[0036] In some embodiments, water cooling coils 124 help water from low-pressure pump 125 reach an optimal temperature for mixing with C0 2 gas in carbonation tank 110. In addition, the lower flow rate of low-pressure pump 125 also causes water to be within water cooling coils 124 for a longer period of time, further contributing to water from low-pressure pump 125 reaching an optimal temperature for mixing with C0 2 gas in carbonation tank 110.

[0037] In some embodiments, ice bath 115 is kept at a cold temperature through use of a refrigeration system. In some embodiments, low-pressure carbonation system 100 may include components for a refrigeration system, such as a condenser fan 117, a compressor 118, and an evaporator coil 113. In some embodiments, ice bath 115 may include an agitator 116. In some embodiments, agitator 116 may keep the temperature of ice bath 115 uniform and may increase the amount of heat transfer from carbonated water cooling coils 114, water cooling coils 124, and syrup cooling coils 144. In some embodiments, ice bath 115 includes an ice bath drain 119, which may facilitate emptying water and ice from ice bath 115 for cleaning or servicing of components.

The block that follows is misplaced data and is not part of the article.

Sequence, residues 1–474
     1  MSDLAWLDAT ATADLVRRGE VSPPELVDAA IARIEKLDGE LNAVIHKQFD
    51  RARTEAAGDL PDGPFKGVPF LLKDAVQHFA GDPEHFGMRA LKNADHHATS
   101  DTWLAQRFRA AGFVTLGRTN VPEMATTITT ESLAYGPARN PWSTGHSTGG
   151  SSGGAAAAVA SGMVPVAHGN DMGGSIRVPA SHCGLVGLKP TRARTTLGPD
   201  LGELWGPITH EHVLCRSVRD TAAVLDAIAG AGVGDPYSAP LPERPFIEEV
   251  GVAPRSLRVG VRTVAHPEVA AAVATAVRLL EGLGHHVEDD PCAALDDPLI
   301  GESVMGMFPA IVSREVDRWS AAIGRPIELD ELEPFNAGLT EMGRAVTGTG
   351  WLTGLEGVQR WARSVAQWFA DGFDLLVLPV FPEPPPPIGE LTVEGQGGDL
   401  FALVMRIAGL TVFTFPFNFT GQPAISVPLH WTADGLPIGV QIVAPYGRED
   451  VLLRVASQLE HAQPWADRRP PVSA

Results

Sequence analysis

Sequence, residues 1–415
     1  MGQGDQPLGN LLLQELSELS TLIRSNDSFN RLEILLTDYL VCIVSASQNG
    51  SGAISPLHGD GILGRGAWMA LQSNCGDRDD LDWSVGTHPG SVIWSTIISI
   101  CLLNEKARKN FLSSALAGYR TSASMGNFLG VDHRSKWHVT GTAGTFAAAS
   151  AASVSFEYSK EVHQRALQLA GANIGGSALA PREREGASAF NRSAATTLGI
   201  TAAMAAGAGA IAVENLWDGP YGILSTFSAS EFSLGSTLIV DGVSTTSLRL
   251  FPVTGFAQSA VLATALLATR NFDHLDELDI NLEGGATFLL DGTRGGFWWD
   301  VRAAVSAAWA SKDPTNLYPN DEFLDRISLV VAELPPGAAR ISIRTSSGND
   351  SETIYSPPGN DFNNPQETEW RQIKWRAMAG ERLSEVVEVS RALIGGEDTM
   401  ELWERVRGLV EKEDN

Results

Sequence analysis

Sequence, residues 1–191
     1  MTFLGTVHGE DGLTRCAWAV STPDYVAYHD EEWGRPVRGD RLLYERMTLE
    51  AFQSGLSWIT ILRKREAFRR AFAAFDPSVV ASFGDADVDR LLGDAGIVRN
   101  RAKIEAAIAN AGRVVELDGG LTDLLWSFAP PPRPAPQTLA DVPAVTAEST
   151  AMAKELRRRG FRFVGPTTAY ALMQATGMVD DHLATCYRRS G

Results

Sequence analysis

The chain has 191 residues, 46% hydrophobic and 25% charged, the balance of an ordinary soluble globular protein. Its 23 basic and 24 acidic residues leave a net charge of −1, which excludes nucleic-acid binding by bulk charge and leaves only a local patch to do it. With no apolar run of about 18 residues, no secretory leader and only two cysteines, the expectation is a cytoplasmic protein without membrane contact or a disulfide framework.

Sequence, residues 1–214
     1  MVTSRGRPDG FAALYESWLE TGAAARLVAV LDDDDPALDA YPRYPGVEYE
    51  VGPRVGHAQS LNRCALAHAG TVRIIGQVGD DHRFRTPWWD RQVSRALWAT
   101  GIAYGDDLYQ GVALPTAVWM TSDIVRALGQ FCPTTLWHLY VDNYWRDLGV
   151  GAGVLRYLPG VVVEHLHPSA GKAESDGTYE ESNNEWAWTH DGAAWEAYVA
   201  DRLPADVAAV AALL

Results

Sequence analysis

[0038] As noted above, water from water source 120 may be pumped into carbonation tank 110. In some embodiments, water source 120 comprises a source of running water, such as a water supply line of a building. In some embodiments, water source 120 comprises a water container, such as a tank, jug, jar, pitcher, etc. In some embodiments, water source 120 holds up to 5 gallons of water. [0039] In some embodiments, low-pressure pump 125 comprises a self-priming pump. A self-priming pump may operate without a pressure booster system. Thus, low-pressure pump 125 may be connected to running water with a minimum pressure of 0 PSI (against gravity) as water source 120 and effectively pump water into carbonation tank 110 without a pressure booster system. In addition, low-pressure pump 125 may pump water from a water container, such as a 5 gallon jug, without a pressure booster system. Thus, in some embodiments, low-pressure carbonation system 100 does not include a pressure booster system or pressure booster pump.